Glasgow today remembered those who suffered in the Great Famine and the enduring contribution of refugees and their descendants to the city's culture and character, at the unveiling of an Irish and Highland Famine Memorial.
Depute Council Leader Cllr David McDonald, Irish Minister Joe McHugh and historian Professor Sir Tom Devine took part in a simple dedication ceremony at Glasgow Green this morning; as the memorial garden was opened beside the People's Palace.
Featuring plants and stone native to Ireland and the Highlands, the memorial interprets the journey made by refugees, forced to flee home.
It not only recalls the suffering and loss of thousands of refugees who came to Glasgow, but the trials they faced on their arrival. Most significantly, it also recognises their role - and that of their descendants - in shaping the modern city.
Depute Leader of Glasgow City Council, Cllr David McDonald said: "Today, we acknowledge the part the Irish and the Gael played in shaping modern Glasgow.
"This memorial to a defining and desperate episode in Glasgow's history is a tribute and acknowledgement to those who experienced famine - along with those who followed and helped to build and shape this city and its unique character.
"It also offers an opportunity to reflect on how far we've come collectively as a city.
"The treatment of those who arrived on ships from Derry and Donegal and by foot or by cart from the Highlands was not always hospitable. However, 170 years on, we are privileged to be able to say Glasgow remains home to one of the world's great Irish diaspora - and a city proud to be home to more Scots Gaelic speakers than anywhere else in the country."
Famine ravaged huge swathes of Europe in the mid-1840s and millions died or were displaced over a number of years. Ireland suffered particularly badly and it is thought that more than a million people were forced to emigrate - with as many as 100,000 of them arriving in Glasgow.
Thousands also arrived from the Highlands and Islands due to the blight, either settling in the city, or continuing their journey to the new world.
Joe McHugh TD represented the Irish Government at this morning's event, hosted by Bailie Norman MacLeod on behalf of the Lord Provost. Mr McHugh is Minister for the Irish language, Gaeltacht and the Islands and a former Minister of State for the Diaspora and Overseas Development.
He said: "I am grateful to Glasgow City Council for inviting me to represent the Government of Ireland at the unveiling ceremony for the Irish and Highland Famine Memorial.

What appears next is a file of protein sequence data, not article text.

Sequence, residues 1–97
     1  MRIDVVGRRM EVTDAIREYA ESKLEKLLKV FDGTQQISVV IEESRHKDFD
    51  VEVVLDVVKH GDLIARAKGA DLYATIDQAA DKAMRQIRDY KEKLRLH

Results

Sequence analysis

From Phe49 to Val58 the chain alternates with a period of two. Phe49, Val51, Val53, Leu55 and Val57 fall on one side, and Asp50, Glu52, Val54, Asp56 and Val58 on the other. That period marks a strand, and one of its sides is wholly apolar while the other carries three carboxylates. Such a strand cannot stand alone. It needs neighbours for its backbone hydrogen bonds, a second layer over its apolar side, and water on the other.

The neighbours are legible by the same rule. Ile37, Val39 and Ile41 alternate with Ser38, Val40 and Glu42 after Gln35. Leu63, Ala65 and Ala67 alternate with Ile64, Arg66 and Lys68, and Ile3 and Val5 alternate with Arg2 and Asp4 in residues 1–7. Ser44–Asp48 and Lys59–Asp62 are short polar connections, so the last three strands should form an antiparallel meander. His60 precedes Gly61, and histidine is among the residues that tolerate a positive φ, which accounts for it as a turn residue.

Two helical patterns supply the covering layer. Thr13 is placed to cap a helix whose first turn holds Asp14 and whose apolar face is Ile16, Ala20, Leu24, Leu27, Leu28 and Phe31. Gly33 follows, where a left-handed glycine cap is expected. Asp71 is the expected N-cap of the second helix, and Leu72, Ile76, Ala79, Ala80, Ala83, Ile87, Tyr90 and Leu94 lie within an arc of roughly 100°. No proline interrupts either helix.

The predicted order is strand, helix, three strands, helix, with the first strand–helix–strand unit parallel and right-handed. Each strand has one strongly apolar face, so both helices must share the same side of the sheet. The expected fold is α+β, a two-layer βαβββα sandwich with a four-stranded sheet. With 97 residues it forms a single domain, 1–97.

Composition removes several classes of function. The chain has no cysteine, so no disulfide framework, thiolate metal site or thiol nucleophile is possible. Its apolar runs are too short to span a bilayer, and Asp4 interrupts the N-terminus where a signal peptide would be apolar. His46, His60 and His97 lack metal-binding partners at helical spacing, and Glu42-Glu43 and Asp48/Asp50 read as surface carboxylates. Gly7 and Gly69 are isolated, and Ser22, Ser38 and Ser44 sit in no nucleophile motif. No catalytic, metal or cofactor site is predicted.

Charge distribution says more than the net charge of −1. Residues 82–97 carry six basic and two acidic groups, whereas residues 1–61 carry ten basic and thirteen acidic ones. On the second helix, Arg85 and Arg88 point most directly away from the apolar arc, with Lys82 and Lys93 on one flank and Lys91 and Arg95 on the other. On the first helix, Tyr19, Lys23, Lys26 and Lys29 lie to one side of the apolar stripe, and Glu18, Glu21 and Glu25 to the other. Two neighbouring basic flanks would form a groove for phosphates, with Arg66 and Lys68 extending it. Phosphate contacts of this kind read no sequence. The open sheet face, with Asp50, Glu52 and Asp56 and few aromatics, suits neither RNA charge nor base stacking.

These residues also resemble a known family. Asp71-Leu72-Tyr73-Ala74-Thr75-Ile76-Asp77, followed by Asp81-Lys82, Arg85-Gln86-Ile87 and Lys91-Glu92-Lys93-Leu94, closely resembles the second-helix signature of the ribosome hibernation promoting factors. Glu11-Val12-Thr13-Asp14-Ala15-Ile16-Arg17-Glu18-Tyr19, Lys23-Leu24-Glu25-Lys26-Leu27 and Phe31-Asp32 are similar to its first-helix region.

"The Great Famine, an Gorta Mór, was a very dark chapter in Irish history, which caused a million people to die from hunger and disease and two million more to flee from their native land. The historic experience of the famine continues to have an extraordinary resonance for Irish people today, and it casts a long shadow on successive generations scattered across the globe.
"A large number of those who were forced to leave Ireland came to Glasgow and to the west of Scotland. It is fitting, therefore, that as we commemorate the historic tragedy of the famine, we recall and acknowledge the enormous impact that Irish famine migrants had on Scotland and the positive contribution they and their descendants have made over many decades in shaping the modern city of Glasgow.
"That recognition is important and I welcome the initiative taken by Glasgow City Council in developing this memorial."
The Depute Leader and Minister were joined at the new memorial by the pre-eminent historian of modern Scotland, Professor Sir Tom Devine.
He said: "Glasgow City Council is to be warmly congratulated on the Inauguration of the Irish and Highland Famine Memorial on Glasgow Green.
"The massive influx of refugees from the famines of the 1840s caused the greatest human crisis in the history of the city. It is important therefore that is remembered by this and subsequent generations.
"Fittingly, this is an overtly inclusive memorial which recognises the sufferings of both Catholic and Protestant Irish victims of the catastrophe as well as that of Highland Gaels.
"The memorial also provides an opportunity to mark the significant contribution which the descendants of the Irish and Highland refugees of that time have made to the economy, culture and politics of Glasgow over the last 160 years or so.
"That is a potent reminder for today of how immigration, even of the displaced and distressed, can ultimately have a positive impact on the host society."
The new memorial was developed by Glasgow's Memorials Working group, following a motion by Cllr Feargal Dalton, which was seconded by former Bailie James Scanlon and received overwhelming support from around the Council chamber. In doing so, the group established a broad and inclusive membership - both in terms of political groups within the council and community representatives.
It asked pupils from four city schools to work together and with the support of artists to explore not only the famine, but its influence on Glasgow - right up to the present day. Young people taking part attended Rosshall Academy, Lourdes Secondary, St Thomas Aquinas Secondary and Sgoil Ghàidhlig Ghlaschu (Glasgow Gaelic School) and worked together at the Tramway's visual arts studios.
They proposed a landscaped memorial; using the land itself, native plants and materials. These designs were further interpreted and developed by council landscape architects and expert gardeners, to create the memorial. Interpretation boards and an educational display and exhibition has also been developed, with input from academics and historians.